Courses for Fall 2010
Medicine is arguably the most humanistic of the hard sciences, one that strives to ensure the basic dignity of individuals. In our increasingly globalized world, access to medical care is recognized as a fundamental human right. However, there continues to be considerable debate over the "best" ways to provide medical services to economically and culturally diverse communities across the globe, given the complex ways that people prioritize and perpetuate their health. Drawing on a range of disciplines, this seminar explores the multifaceted relationships between biomedicine and cultural understandings of illness, both in the US and worldwide. Instructor permission required.
Ethics and the Humanities
Sheila Bonde, Faculty Fellow
This seminar will engage with ethical issues in a broad range of humanities disciplines. We will survey historical and thematic perspectives on ethics and will consider the ethical implications of authorship and possession of texts and objects; translation as an ethical problem; data and open access; the perspective of the human subject; public humanities, public intellectuals and community-based research; and ethical issues in popular culture.
Medicine and Colonialism in the Atlantic World: A View from the South
Adrián López Denis, Postdoctoral Fellow in International Humanities
This seminar examines the role of disease, medicine, and health in the history of the Atlantic World. Our analysis will be centered on events that took place in Latin America, the Caribbean, and Sub-Saharan Africa, during the era of European colonial expansion (1490-1940). In these four and a half centuries, the West became the dominant force in global geopolitics and Western medicine emerged as the hegemonic form of healing worldwide. This seminar explores the complex relationship between these two historical developments.
And What About the Human?
Barrymore A. Bogues
This course will think about the question posed by radical anti-colonial thought: and what about the Human? Through the writings of Foucault, Arendt, Heidegger, Fanon, Wynter and Cesaire, as well as the novels of Lamming and Vera, we will examine the meaning of the “death of Man” in contemporary critical thought and theory, and the ways in which western anti-humanism thought claims to replace the figure of the human with discourse and language, while also contrasting the ways in which radical anti-colonial thought has constructed the figure of the human.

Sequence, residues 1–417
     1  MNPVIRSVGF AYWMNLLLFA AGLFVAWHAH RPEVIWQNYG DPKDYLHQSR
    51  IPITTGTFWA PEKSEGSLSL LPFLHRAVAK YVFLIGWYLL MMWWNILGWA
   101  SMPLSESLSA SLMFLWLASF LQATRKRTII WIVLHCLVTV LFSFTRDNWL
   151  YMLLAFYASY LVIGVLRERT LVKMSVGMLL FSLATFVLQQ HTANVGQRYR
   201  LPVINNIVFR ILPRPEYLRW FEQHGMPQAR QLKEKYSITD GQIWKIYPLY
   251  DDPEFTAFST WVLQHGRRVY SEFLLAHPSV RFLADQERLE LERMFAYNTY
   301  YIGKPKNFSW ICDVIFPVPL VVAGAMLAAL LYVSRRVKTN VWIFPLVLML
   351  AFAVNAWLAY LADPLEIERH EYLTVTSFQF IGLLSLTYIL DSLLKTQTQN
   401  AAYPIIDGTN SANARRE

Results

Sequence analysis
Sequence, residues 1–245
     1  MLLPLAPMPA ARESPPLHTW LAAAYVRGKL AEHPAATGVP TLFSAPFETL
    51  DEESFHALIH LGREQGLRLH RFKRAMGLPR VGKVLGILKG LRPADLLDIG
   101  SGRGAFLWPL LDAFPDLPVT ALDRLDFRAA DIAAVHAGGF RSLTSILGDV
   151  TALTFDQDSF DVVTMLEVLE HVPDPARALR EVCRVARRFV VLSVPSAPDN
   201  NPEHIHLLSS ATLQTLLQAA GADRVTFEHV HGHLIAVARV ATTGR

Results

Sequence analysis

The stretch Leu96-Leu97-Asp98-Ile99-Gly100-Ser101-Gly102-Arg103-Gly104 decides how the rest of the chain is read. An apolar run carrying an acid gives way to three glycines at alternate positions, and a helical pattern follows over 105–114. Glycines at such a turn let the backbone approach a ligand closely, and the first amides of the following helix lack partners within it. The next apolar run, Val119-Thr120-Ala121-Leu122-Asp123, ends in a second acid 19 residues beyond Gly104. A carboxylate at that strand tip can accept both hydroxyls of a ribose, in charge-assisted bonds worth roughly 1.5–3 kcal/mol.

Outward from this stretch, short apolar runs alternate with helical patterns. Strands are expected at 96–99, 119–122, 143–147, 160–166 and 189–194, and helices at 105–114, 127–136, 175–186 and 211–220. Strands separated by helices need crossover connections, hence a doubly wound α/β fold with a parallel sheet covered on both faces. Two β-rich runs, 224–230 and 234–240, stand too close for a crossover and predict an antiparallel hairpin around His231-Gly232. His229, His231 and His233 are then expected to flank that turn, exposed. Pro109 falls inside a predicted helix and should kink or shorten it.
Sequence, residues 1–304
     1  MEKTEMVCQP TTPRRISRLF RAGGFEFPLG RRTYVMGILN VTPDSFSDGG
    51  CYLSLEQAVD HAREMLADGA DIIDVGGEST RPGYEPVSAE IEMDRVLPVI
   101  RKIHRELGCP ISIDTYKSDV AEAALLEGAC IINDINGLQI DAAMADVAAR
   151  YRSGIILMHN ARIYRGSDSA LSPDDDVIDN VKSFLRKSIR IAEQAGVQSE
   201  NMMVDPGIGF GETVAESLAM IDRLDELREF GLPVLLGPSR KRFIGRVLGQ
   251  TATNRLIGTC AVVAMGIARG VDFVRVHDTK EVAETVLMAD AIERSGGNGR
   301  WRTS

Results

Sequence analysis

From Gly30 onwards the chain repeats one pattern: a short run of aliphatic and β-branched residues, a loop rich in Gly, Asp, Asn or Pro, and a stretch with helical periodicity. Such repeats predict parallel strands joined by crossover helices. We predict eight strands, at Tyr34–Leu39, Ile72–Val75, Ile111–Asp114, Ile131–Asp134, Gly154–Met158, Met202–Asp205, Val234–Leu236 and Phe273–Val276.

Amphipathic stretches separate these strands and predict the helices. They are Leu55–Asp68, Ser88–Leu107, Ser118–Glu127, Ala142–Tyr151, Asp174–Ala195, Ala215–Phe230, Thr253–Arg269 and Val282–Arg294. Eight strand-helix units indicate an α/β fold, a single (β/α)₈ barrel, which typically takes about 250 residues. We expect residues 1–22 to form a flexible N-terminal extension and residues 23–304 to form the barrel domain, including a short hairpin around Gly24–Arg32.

The question, “What is medical humanities?” has flummoxed the very experts who ardently argue for its importance to medical education and the professional and personal growth of health care providers. Individual persons harbor different meanings for the term, invest it with different values and goals.
The interdisciplinary nature of medical humanities, engaging in conversations with persons who possess different expertise, different knowledge and different approaches to knowing, provides opportunities for examination and insight unavailable elsewhere.
During this seminar, students will investigate alternative meanings, interpretations and purposes embedded in the term “medical humanities.” They will develop their own personal relationship to this term, this field of study, and its utility as a tool for understanding and responding to the profound experiences of clinical medicine, illness and health.
This course aims to bind different discourses about space and time from different disciplines together, including philosophy, art theory and cinema studies. It centers on questions of how space and time are conceptually, socially and aesthetically constructed via and thru different media. In Benjamin for example the urban mass functions as medium through which the city develops into a specific public space and film functions as medium through which the mass constitutes itself. Technical and aesthetic media are involved in modern subject formations both on an individual and on a social level.
Perspectival constructions of space were always in the center of analysis when it came to cultural representations of the subject. The main focus of the course will be in reconstructing the discourses on perspectivism (Nietzsche), pictorial perspective (Renaissance perspective) and cinematic appropriations of both. The other organization of perspectives is the temporal one. Past, present, future are at stake for the organization of narratives – both in terms of historical and fictional regards. During the course we will look on concepts of narrative and temporal perspectives in the context of general theories of times as well as in the context of specific media as photography and film.
To see the humanities related course catalog for 2010-11, click here. These are courses taught by Cogut Center Fellows for other departments.
To see the HMAN courses we offered in 2009-10, click here.